(CN) – The 3rd Circuit blocked creditors of Philadelphia’s two main newspapers from bidding for the parent company with the $318 million they are owed. The panel voted 2-1 that Philadelphia Newspapers, owner of The Philadelphia Inquirer and the Philadelphia Daily News, can reject credit bids at its April 27 bankruptcy auction.
Bankruptcy code “unambiguously permits” a debtor to craft a plan that offers lenders fair value for their secured interest, the court ruled, and lenders have no “statutory right to credit bidding.”
Philadelphia Newspapers bought the two newspapers in July 2006 for $515 million, $295 million of which came from lenders.
The company defaulted on its loan in late 2007, due to industry-wide declines in advertising and circulation. Unable to negotiate payment plans, the company filed for Chapter 11 bankruptcy protection in early 2009.
Secured creditors then tried to take control of the company by bidding their $318 million interest at an auction of the company’s assets.
The newspaper owner refused to accept such bids, instead favoring an opening bid of about $67 million in cash and real estate as part of a plan to sell their assets free of liens. The so-called “stalking horse” bid would give secured creditors about 22 cents on the dollar, and unsecured creditors would receive virtually nothing.
Creditors objected, and the bankruptcy judge issued an order allowing the lenders to bid with their credit. The judge said the debtors’ sale plan was designed “not to produce the highest and best offer,” but to keep the newspapers in the hands of current and former management and equity holders. The debtors had advertised the auction with an extensive “Keep It Local” campaign, the judge noted.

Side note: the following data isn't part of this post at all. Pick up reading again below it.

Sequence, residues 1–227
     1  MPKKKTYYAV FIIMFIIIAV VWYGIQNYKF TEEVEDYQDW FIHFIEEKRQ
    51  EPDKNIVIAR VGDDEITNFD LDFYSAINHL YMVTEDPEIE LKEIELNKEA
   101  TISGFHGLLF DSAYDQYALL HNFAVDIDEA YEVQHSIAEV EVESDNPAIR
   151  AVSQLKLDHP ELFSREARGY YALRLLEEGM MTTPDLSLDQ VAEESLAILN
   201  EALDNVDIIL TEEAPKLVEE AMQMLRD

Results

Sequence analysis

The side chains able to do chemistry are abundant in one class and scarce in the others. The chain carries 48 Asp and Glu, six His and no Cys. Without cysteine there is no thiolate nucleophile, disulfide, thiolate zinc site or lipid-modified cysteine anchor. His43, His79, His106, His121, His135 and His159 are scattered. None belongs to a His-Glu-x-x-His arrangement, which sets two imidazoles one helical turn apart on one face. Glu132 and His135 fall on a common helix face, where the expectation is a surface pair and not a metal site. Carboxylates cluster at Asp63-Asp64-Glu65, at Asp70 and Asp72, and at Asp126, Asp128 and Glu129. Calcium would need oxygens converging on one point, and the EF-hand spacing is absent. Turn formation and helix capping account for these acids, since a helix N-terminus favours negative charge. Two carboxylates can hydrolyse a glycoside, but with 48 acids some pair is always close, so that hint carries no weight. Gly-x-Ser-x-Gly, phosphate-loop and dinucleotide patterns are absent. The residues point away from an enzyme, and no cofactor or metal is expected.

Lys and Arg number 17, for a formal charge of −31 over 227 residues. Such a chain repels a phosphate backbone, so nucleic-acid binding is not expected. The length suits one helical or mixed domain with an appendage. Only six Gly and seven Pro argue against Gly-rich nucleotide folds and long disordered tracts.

But the district court and the 3rd Circuit viewed it differently, saying the lenders had no legal right to credit bid at auction.
Judge D. Michael Fisher said bankruptcy law “unambiguously permits a court to confirm a reorganization plan so long as secured lenders are provided the ‘indubitable equivalent’ of their secured interest.”
In other words, creditors can’t demand the right to credit bid when the debtor has crafted another legally sound plan.
In dissent, Judge Thomas Ambro, a former bankruptcy attorney, called the debtors’ auction plan a “high-stakes game of chicken.”
“If credit bidding is denied … the debtors’ insiders stand to benefit by having more leverage to steer the sale to a favored purchaser (here, the Stalking Horse Bidder),” Ambro said.
There is more than one way to interpret the relevant bankruptcy code, he said, including the interpretation that Congress meant to protect secured creditors at such an auction.
“[T]he consequences of a contrary reading include upsetting three decades of secured creditors’ expectations, thus increasing the cost of credit,” he wrote.
The senior lenders, led by Citizens Bank of Pennsylvania, include the Royal Bank of Scotland Group PLC, CIT Group, and Angelo, Gordon & Co.